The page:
A measured, emotional man takes center stage as The New Pope remains one of the most interesting shows on TV.
This recap of The New Pope Season 1, Episode 2 contains spoilers. You can check out our thoughts on the previous episode by clicking these words.
When Paolo Sorrentino’s The New Pope was announced with John Malkovich playing this new pope, anticipation grew for those inside and outside of Vatican City. Fans of Malkovich, Sorrentino, Jude Law, and papal content could finally be in agreeance. Unfortunately, the showrunner decided to hold his cards during the first episode, only showing the famed character actor in the closing credits. Other than that, John Malkovich stayed absent while the church fell into chaos.
The New Pope Episode 2 provided the same gorgeous visuals and mesmerizing opening credits as its predecessor. Needless to say, the nuns continued dancing and the music continued pulsing. Still, no Malkovich at the start, with a crew of cardinals and Vatican players headed to see Sir John Brannox at his parents’ mansion. Brannox missed the last conclave because his parents are quite sick, and they’re also quite sick of him being in their presence.
The crew consists of Sofia (Vatican marketing head Cécile de France), Cardinal Voiello, Cardinal Gutierrez, Cardinal Mario Assente, and Cardinal Aguirre. When they arrive, Brannox has already gone to bed, as he’s a man who sticks to his habits. They chat about haste and how that is the cause of the church’s problems. During the night, each member of the group has visions of Pope Pius XIII, as he guides them through their decisions and experiences. Pius sits beside Sofia during an intimate conversation turned sexual encounter with her on-the-phone husband, pushes Gutierrez to stay in his room when Assente comes knocking, and help Voiello light a match to start his fire. His presence has not been lost just yet.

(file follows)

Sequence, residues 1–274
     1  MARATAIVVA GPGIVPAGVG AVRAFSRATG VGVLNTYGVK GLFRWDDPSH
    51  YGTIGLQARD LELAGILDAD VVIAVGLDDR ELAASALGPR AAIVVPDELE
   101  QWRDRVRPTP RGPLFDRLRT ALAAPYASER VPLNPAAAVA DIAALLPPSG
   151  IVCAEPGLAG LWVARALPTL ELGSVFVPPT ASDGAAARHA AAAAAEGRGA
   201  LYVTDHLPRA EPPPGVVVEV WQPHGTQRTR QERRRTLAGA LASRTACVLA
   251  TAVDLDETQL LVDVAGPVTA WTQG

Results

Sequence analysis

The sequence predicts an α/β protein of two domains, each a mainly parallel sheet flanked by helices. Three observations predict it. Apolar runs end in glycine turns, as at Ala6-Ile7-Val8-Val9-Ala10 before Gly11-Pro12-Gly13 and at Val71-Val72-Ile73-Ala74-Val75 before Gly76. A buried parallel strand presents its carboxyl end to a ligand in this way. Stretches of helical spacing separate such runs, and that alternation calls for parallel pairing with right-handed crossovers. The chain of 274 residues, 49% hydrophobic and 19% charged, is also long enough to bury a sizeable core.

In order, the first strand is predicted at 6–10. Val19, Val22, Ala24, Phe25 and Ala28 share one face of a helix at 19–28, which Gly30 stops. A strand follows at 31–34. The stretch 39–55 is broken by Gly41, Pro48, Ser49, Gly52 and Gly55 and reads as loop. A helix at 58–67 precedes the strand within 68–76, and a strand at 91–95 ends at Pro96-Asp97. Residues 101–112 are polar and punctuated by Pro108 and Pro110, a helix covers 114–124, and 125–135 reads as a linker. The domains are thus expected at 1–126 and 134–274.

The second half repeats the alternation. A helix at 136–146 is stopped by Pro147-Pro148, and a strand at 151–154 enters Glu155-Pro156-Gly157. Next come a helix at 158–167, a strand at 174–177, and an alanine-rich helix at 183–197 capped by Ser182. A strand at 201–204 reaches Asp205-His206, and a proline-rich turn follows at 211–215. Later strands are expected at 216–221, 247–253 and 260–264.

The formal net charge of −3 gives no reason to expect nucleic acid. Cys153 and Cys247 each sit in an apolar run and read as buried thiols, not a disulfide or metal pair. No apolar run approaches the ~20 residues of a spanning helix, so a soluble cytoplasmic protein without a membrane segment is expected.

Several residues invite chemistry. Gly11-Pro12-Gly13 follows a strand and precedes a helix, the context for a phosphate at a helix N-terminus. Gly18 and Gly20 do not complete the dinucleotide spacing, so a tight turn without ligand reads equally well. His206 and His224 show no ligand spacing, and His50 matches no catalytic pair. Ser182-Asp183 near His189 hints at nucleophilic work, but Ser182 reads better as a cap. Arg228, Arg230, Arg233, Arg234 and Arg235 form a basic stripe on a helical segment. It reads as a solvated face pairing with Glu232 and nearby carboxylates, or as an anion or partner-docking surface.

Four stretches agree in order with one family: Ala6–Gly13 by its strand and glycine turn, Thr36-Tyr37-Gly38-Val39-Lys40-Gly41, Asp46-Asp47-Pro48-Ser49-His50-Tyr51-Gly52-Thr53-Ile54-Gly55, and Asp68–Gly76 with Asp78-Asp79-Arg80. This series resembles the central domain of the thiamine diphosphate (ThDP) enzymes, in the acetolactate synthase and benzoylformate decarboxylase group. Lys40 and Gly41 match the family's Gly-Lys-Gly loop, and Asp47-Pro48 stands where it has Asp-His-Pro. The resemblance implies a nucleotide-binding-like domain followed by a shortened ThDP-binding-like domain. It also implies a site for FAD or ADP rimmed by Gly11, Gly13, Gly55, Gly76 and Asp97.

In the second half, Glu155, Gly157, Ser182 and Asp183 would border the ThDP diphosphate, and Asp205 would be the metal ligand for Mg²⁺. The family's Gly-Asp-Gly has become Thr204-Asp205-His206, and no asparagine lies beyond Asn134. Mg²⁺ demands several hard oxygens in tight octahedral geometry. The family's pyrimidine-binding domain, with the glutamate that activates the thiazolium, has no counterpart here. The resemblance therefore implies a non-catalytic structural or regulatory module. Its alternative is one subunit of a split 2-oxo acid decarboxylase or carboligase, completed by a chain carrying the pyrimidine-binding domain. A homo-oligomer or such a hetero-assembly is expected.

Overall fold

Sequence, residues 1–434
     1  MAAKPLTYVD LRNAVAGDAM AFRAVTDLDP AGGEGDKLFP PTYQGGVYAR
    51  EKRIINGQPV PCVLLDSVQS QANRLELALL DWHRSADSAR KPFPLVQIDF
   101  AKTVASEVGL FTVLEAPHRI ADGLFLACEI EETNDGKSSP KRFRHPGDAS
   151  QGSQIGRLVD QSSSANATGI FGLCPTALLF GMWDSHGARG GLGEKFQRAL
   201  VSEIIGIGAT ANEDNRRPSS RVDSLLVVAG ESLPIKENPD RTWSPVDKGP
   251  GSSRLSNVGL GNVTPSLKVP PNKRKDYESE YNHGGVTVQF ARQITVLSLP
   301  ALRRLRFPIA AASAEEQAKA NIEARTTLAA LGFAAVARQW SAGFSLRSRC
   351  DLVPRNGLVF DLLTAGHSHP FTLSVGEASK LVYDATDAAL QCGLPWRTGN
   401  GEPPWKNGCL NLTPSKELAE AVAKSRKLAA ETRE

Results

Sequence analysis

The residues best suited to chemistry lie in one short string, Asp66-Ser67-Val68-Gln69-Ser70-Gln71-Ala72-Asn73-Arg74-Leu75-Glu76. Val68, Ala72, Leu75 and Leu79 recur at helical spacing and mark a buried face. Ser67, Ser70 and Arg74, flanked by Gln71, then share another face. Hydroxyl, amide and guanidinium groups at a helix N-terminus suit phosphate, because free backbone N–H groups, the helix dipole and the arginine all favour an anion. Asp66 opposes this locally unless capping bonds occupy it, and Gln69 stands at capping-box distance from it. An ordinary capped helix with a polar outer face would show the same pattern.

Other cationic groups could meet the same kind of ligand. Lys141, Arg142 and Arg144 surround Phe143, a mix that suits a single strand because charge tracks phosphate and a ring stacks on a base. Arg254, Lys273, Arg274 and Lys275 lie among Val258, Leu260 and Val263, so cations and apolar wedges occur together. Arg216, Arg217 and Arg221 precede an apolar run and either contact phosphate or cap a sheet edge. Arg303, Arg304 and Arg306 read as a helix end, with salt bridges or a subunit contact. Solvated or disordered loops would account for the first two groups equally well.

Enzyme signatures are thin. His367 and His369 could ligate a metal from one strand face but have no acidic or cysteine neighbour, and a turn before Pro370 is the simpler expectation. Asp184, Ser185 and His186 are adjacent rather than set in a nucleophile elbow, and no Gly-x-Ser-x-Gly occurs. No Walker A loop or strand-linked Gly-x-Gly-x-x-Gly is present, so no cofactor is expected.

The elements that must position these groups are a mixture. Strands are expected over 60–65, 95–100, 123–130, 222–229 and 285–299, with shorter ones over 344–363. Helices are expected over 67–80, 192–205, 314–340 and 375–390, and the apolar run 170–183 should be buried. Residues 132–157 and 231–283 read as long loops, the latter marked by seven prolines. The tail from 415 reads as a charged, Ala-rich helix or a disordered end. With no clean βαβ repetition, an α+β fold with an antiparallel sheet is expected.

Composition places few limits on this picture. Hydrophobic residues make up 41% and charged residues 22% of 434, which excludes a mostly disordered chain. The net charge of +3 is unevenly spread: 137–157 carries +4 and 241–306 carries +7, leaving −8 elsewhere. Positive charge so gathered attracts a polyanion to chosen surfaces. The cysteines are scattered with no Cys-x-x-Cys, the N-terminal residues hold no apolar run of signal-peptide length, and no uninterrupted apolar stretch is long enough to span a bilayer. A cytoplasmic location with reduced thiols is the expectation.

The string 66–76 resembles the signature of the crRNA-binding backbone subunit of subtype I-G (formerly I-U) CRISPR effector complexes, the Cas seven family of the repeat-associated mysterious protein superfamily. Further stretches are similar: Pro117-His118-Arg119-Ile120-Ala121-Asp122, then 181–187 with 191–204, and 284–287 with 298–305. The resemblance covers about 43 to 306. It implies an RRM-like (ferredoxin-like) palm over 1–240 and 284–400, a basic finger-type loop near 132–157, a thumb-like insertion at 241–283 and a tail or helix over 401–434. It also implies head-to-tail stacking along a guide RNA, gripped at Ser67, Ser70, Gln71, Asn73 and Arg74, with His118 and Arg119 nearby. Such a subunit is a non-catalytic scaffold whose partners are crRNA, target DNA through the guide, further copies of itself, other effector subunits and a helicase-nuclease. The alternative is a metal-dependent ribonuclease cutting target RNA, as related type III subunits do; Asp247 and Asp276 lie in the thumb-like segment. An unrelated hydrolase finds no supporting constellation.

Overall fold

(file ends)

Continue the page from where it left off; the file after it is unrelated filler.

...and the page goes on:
After all the anticipation though, Voiello, and all of us, meet Brannox the next morning, and he’s worth the wait. Malkovich plays the Cardinal with a measured sort of difficulty, sporting black eyeliner and a purple suit to match his brooding personality. Brannox speaks in metaphors, preaches peace, and never looks to get too rattled, sitting on decisions rather than rashly pushing forward unlike Voiello. He knows why they’ve come yet forces Voiello to tell him in short bursts of information, and the cat-and-mouse game has already begun.
“They are only doing what every human does. Blame everything on each other. At least us Catholics can blame everything on God.”
If the above line doesn’t tell you all you need to know about Sir John Brannox, here’s the background. Brannox grew up rich with a twin brother, who died about 40 years prior, and his parents believe it was Brannox’s fault. Every day, his parents go and sit out in front of his brother Adam’s grave for nine hours, then get wheeled inside and sit in front of a shrine of the young man, with pictures featuring John Brannox’s face cut out. What a sight.
Brannox and his guests study each other and we assume that he’s going to lead the church, favoring his middle road and his loving heart, for now at least. The dialogue by Sorrentino continues to be striking, teetering between faith-based, heartfelt fascination and government intricacies with those balancing power. This dialogue combined with the continued incredible visuals in The New Pope Season 1, Episode 2 allows the show remain one of the most interesting on HBO and currently on television.
Based in Brooklyn, NY, Michael is a regular critic for Ready Steady Cut and also writes for Cinema Sentries, The Film Experience and Film Inquiry.